Jupiter returns to the morning sky this month becoming visible in the dawn twilight. On the 11th have a go if you have a good eastern horizon to find Jupiter, Venus, and the very thin crescent Moon. Venus, Jupiter, Saturn and Mercury all appear to be in the constellation of Capricornus from the 18th to 23rd. It will be much easier to see by mid-month. By the 15th Jupiter is just over a hand-span above the north-western horizon half an hour before sunrise. However, by the 28th is nearly two hand-spans above the eastern horizon an hour before sunrise and forms a line with Mercury and Saturn.

Saturn also returns to the morning sky this month. Like Jupiter it will become easier to see after mid-month. Saturn is above Jupiter in the sky. By February 15, you will find Saturn around two hand-spans above the eastern horizon half an hour before sunrise. By the 28th it will be about three hand-spans above the eastern horizon an hour before sunrise.

Uranus is in Aries and is visible very low in the early western evening sky this month. It remains in Aries now until 2024 when it will move into Taurus. Although a nearby bright moon does Uranus no favours, its monthly visits can help to show you where the distant planet is located. In the western sky on February 17th  the 33%-illuminated crescent moon will shine several finger widths to the West of the seventh planet. See the Sky View for the night of the 17th to be able to find in binoculars.

Neptune is lost in the evening twilight as it is nearing conjunction with the Sun early next month.

Meteor Showers

Alpha Centaurids one of the major Southern Hemisphere meteor showersis visible from January 31st to February 28th.

The meteor showers originates from dust grains ejected from an unknown comet. These small dust grains (meteoroids) are distributed along the parent comet’s orbit concentrated close to the comet nucleus with fewer grains farther away from the nucleus.

The peak occurs overnight 7/8 February and although this shower does produce a lot of meteors – it often has some nice bright fireballs. The predicted rate is about 6 an hour but can reach up to 25. This year the maximum period falls close to the new Moon, so is favourable for dark-sky coverage increasingly later in the night.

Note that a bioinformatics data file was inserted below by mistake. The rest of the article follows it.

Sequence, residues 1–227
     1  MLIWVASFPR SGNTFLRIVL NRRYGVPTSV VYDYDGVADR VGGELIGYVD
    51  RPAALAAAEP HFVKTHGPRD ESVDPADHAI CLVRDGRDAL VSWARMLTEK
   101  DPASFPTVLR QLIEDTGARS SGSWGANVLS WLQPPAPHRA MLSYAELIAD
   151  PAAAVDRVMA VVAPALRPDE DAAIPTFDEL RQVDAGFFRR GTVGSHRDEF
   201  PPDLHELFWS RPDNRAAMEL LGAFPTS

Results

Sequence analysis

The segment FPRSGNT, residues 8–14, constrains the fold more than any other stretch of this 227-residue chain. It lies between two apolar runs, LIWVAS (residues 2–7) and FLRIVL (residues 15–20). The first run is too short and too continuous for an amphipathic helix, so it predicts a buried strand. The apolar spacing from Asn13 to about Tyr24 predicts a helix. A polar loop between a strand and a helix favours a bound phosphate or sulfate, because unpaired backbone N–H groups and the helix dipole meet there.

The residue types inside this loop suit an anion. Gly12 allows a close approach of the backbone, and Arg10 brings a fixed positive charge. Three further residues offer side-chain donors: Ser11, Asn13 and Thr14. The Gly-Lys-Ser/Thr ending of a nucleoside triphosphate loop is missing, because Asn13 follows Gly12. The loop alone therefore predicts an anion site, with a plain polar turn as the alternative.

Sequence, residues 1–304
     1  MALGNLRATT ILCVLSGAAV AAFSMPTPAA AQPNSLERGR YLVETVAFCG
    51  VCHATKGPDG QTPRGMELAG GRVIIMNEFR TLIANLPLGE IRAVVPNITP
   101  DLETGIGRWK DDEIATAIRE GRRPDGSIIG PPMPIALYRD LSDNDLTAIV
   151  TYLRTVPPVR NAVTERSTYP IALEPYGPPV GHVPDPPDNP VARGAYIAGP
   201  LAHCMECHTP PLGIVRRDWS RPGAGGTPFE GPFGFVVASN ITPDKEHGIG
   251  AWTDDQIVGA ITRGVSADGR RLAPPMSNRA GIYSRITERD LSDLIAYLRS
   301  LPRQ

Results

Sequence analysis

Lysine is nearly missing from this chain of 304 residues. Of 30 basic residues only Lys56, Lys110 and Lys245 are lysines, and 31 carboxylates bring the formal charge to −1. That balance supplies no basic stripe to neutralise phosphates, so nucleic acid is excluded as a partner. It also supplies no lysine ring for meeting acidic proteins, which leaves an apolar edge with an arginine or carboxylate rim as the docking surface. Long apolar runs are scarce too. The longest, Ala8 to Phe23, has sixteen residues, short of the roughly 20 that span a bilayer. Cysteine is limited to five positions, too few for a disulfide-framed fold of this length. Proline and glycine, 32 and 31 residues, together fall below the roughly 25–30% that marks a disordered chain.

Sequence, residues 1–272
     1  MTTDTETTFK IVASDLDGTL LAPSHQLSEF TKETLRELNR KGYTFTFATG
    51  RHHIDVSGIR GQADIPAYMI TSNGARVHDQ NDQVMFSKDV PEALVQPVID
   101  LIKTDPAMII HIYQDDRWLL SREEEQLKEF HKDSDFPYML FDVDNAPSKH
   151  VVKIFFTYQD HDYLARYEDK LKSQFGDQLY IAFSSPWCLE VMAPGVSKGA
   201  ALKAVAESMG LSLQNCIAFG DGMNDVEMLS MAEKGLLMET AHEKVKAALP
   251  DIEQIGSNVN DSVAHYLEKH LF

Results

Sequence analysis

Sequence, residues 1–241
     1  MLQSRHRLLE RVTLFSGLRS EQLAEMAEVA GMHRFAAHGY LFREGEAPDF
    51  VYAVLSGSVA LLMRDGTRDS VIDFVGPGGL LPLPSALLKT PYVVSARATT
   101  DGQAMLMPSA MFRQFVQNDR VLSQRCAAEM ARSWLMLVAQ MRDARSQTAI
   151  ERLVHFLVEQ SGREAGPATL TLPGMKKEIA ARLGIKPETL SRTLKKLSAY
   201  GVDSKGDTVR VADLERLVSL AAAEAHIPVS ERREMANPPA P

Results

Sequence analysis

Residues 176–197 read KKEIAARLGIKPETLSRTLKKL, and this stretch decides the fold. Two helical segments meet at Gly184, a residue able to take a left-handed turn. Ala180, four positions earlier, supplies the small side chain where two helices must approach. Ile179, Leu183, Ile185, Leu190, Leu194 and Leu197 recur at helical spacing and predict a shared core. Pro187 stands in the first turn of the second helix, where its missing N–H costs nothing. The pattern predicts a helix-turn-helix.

Sky Views for February

Looking south on February 8th (image created by Stellarium)
Night sky facing north on February 9th (image created in Stellarium)
Planets in early morning sky on February 14th looking east (image created in Stellarium)
Looking north west on the night of February 17th around 9pm AEDT – Moon, Uranus and Mars (image created in Stellarium)
The morning sky around 6am on February 20th when Mercury is at its highest (image created in Stellarium)

Object of the Month – Pleiades         

At about 8:30 pm AEDT on mid-February evenings, the Pleiades open star cluster, also known as the Seven Sisters is positioned midway up in the Northern sky. The rest of its home constellation Taurus, the Bull sits to the East of the cluster.

How to find Pleiades (image credit: Wikihow)

Visually, the cluster is composed of medium-bright, hot blue stars named Asterope, Merope, Electra, Maia, Taygeta, Celaeno, and Alcyone. In Greek mythology, those characters were the daughters of Atlas, and half-sisters of the Hyades. They are indeed related — recently born of the same primordial gas cloud. To the naked eye, only six of the sister stars are usually apparent; their parents Atlas and Pleione are huddled together at the east end of the grouping. Through binoculars many more stars are visible and through a telescope over a hundred stars may be seen.

Many cultures, including the Australian Indigenous people have stories and interpretations of this lovely star cluster. It was significant that the ‘Dance of the Pleiades’ was performed by Pitjantjatjara Aboriginal women from the Central Desert at the Opening Ceremony of the Sydney Olympics in September 2000. However, when you are out camping in the bush in Australia, you can know that the Pleiades women have visited your camp overnight when you wake up with an extremely cold nose and the canvas of your tent or swag covered in white icy crystals. The Pleiades women first appear in the southern hemisphere in the early hours of the morning and they flamboyantly sweep across the sky excreting frost.

In Japan, it is called Subaru, and forms the logo of that particular brand of car.

Due to its similar shape, the Pleiades are sometimes confused with the Little Dipper. 

Until next month
Donna (aka the Astronomer)